By: J.H. Williams III & W. Haden Blackman (writers), Amy Reeder (penciller), Rob Hunter & Richard Friend (inkers), Guy Major (colorist)
The Review: Talk up any comics enthusiast, and one of the first things out of their mouths will be something along the lines of how unique comic books are for storytelling. You hear less about their painful limitations. I don’t know about you, but the most frustrating restriction on comics, in my mind, is their painful shortness. Many writers have made the most of the pages they get, but by and large, I find myself wishing there was a little more substance in my hands.
That was the prevailing feeling I got reading this issue. You shouldn’t take that to mean Williams-Blackman skimped on the story in any way. After all, it’s fairly ambitious of them to not only play around with a number of different character perspectives in the story, but also to set each vignette at a different time. All told, you get six mini-tales, each standing on their own, and each with enough drama to support half an issue on its own.
This fragmented structure can easily get confusing, but Williams-Blackman do two things to keep things moving smoothly and clearly. First, they bookend the issue with the central action, Batwoman facing down the kid-thieving Medusa, which lays down some context for each of the different stories we get here. Second, while each scene has only faint connections to the others, they have enough common ground to deliver a unified story overall. Think of it as a mosaic, each scene piecing together to form a bigger picture of where this series plans to go next.
Even so, some scenes work out better than others. I especially liked the sentimental and awkward exchange between Colonel Kane and Bette Kane, who’s still comatose from her run-in with Hook-Man in #4. Not only do their share blood, but both have been abandoned by Kate, and both are, at the moment, experiencing the loneliest moments of their lives. Particularly touching is the colonel reading aloud an Ian Fleming novel, which “[Kate] always liked,” telling you all you need to know about where the ex-soldier’s heart and thoughts really are.
Most important is our introduction to Maro, the woman (I’m assuming—a slight androgyny to her appearance makes her exact gender a bit dicey to pin down) responsible for creating the Weeping Woman. We don’t get much insight into her long-term goals, but her ability to make fancies come to life will prove formidable to Batwoman down the line, and her Zen attitude toward child-murder is quite disturbing—a worthy foe for our heroine.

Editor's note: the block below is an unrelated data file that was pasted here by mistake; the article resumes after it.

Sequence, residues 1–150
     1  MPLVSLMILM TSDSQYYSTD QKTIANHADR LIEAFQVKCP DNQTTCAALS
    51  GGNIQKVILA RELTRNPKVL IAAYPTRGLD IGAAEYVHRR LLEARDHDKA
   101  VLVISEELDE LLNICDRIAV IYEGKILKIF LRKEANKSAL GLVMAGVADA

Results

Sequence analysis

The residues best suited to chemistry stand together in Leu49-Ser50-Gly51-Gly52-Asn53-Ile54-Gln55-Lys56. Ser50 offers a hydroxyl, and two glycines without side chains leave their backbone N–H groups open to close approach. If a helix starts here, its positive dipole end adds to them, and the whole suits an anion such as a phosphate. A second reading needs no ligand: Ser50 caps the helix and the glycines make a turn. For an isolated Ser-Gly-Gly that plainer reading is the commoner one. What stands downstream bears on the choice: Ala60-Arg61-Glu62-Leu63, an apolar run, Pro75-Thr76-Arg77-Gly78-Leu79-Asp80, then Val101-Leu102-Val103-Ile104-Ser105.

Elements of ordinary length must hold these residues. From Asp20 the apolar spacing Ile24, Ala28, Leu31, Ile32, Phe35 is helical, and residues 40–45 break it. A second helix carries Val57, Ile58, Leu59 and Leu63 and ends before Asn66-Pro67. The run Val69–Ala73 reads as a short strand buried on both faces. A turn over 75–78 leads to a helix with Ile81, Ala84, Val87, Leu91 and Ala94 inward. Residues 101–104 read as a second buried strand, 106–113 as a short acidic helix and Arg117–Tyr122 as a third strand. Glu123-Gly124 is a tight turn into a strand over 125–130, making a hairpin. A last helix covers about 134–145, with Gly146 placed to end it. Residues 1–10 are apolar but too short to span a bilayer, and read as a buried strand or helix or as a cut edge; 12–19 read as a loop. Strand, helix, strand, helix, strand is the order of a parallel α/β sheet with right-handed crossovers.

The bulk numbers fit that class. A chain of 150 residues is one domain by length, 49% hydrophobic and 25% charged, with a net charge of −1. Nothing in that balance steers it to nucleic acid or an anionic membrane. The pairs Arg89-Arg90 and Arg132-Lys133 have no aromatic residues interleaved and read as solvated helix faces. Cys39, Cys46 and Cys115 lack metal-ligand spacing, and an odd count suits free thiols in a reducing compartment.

Maggie and Cameron Chase’s parts in the issue come across less powerful, but also interesting. For better or worse, these will be the primary women in Kate’s life, each exerting her own particular influence on the redhead, yet sharing some significant qualities. It should be no surprise that both Maggie and Chase are strong women in their own rights, and neither brooks Kate’s occasionally petty behavior. In time, however, we’ll need to see more of their emotional background, if we’re to take them as seriously as we do Kate.
I was a big fan of Matt Wagner’s Madame Xanadu on Vertigo, and much of that had to do with Reeder’s highly distinctive style of art. However, Williams has crafted a very distinctive look for this title, not to mention a very high artistic bar, so whoever has to follow him will necessarily have a lot to live up to. Reeder is admittedly not as diverse as Williams, but her free-flowing, organic aesthetic, along with a flair for drama and detail (see the fishheads littering the alleyway where Chase and Batwoman confront some thugs) is very effective all the same.
Conclusion: Very much a prelude issue, complicated by a somewhat complex structure and an artistic readjustment. In the end, though, the series feels quite as solid as it ever was.
– Minhquan Nguyen
Some Musings: – Love that Colonel Kane reads from You Only Live Twice, considering the Japanese elements of the issue, and the theme of redeeming oneself after the crash from a terrible trauma.